Value pluralism in twentieth-century Anglo-American thought

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Abstract

A sunset plus a child’s smile gives no sum; a Chartres minus a human life leaves no ascertainable remainder. Whether as human beings faced with such choices, or as theorists formulating rules of action and moral maxims, we must recognize an ultimate pluralism of goods which no pious wishes can synthesize into a simple monism. Sterling Lamprecht, 1920 … it is all a matter of compromise and balance and adjustment and empirical Popperism etc. … Isaiah Berlin, in a letter to Denis Paul, 30 December 1952 Perhaps, after all, the most attractive conceptions of the leading liberal values do hang together in the right way. We haven’t yet been given reason to abandon that hope. Ronald Dworkin, 1998 Value pluralism played little role in either British or American political thought before the mid to late twentieth century. To be sure, there were prominent currents of philosophical and psychological pluralism in the United States at the beginning of the century – William James in particular – but these did not lead to any clear-cut political prescriptions. There were occasional attempts to draw out the implications of specifically ethical pluralism – as opposed to philosophical, socio-cultural or political-institutional pluralism – for political theory, in particular the articles by Sterling Lamprecht in the early 1920s. But they remained without much of an echo. At the same time, those political thinkers commonly called pluralists in Britain and the United States were primarily concerned with the defence of group autonomy against a potentially overbearing or even repressive state. While some of them might have shared value pluralist assumptions and even drawn on them for their defence of autonomous group life, it would be hard to argue that their political commitments primarily derived from value pluralism. As Marc Stears has argued, G. D. H. Cole relied on certain value pluralist intuitions – the manifold and often contradictory ends of individuals – to make the case for guild socialism as the best means to promote individual freedom. But the guild socialist movement as a whole was clearly animated by a concern with social welfare (and, to some degree, efficiency), rather than any desire to ensure the pursuit of the greatest possible diversity of human ideals. Cole and his wife Margaret were – in Margaret’s words – ‘romantics about trade unions’; they were not romantics about the romantics in the way that Isaiah Berlin turned out to be.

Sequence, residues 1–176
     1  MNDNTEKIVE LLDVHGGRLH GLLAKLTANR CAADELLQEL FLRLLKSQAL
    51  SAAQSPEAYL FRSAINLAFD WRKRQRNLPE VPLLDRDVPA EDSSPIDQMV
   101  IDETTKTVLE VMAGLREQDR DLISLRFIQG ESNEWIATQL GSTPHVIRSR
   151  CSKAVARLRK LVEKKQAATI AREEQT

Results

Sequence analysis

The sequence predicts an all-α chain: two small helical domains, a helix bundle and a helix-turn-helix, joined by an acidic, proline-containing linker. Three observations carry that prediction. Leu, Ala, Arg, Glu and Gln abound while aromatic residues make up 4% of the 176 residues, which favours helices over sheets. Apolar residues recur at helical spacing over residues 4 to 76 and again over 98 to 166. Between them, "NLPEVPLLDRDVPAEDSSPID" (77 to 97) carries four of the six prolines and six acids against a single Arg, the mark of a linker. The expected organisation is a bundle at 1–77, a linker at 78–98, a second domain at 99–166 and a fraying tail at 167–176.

Original languageEnglish (US)
Title of host publicationModern pluralism
Subtitle of host publicationAnglo-American Debates Since 1880
PublisherCambridge University Press
Pages81-104
Number of pages24
ISBN (Electronic)9781139084451
ISBN (Print)9781107017672
DOIs
StatePublished - Jan 1 2012

All Science Journal Classification (ASJC) codes

  • General Social Sciences

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